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How to prioritise self-care

As a teacher experiencing my second year of working in a school, believe me when I tell you I have learned the importance of self-care. I've had to, to help me perform my best during a busy, and sometimes emotionally demanding, work environment. When embarking on any new journey the learning curve is often steep, and at this stage in my career self-care is of the utmost importance to me.

When people outside the profession talk to me about their outlook on teaching, they always mention the intense workload and the level of patience you need to teach students. They're not wrong! I learned very quickly that your rest is of equal value as your work. Self-care is not a luxury; it is a necessity. Contrary to popular belief, your works is not the sum of your worth but rather, just one expression of yourself. To really perform well in one area of your life, you must take care of many areas of your life. So I take a holistic approach when considering how best to take care of myself at work.

My job revolves around other people's wellbeing and progress, but I realised that the best way I could look after others is by first looking after myself. Below are some practices I make sure I stick to in order to perform my best at work.

1. Protect your sleeping schedule

Sometimes the workday never feels done. No matter what was accomplished during the day, there is always more to do. For teachers, there's always more attention you can pay to particular students, more strategies to support learning, more lesson planning for future lessons. But for everyone, sleep is vital to functioning well; it's when our body has a chance to repair itself. I make sure I have a cut off point from work and a set sleeping time, so I wake up feeling refreshed.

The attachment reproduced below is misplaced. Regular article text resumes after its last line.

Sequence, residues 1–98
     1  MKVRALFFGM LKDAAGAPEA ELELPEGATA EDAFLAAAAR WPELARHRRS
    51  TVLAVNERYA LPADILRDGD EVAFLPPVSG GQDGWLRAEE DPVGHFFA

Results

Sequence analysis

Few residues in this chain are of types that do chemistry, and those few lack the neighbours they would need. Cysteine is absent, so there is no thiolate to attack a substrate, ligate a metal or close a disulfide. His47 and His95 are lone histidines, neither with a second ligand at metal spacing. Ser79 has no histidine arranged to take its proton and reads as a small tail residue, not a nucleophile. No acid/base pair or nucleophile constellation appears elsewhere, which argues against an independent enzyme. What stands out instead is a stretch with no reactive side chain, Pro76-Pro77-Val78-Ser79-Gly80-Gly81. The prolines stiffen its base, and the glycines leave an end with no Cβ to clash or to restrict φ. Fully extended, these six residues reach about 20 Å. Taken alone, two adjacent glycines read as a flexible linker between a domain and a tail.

2. Ask for help

No man is an island and this rings particularly true in the teaching profession. There are may stresses put upon us to always perform our best, and best practice comes from learning and observing that practice from others. Finding a mentor in or outside your organisation who can assist you with your progression, and observing and learning from others who are experienced in an area you would like to improve on will help you feel on top of things. Above all, don't hesitate to let your bosses know when you are struggling. Being transparent with your struggles allows others to support you.

3. Have a self-care day

I am very precious about my self-care days otherwise I would work 7 days a week. This was true before the pandemic but has a greater level of importance now. We are now constantly behind our screens and have had to deal with so much change: a global pandemic, the Black Lives Matter movement, social isolation and economic difficulty. It's so important that we are being more vigilant in checking in on our mental, emotional and physical health, and taking time to unwind. Some of my favourite ways to unwind are:

  • Lighting incense and candles

  • Doing yoga accompanied with music

  • Meditation and breathing exercises

  • Doing my haircare and skincare routine

  • Cleaning (particularly my bedroom – there is something very therapeutic about the process)

Most importantly, avoid anything work related. The day is for you to check on yourself and your loved ones, it is a day when you are on no one else’s time but your own so enjoy it!

4. Plan a week in advance

The workload of a teacher means that at certain points the workload may dramatically increase and I may have to mark upwards of 250 books within a week. I always try to plan a week in advance where possible; working on next weeks' work helps keep me on track for the week ahead.

5. Be patient with yourself

It's important that through it all you are your biggest supporter, instead of your biggest critic. Sometimes the to-do list won’t get done, at times you may not have executed a task as well as you could have done, but have patience, cut yourself some slack and adopt a growth mindset to help you stay grounded and feel valued. Self-compassion is important.

Deborah Owusu-Ansah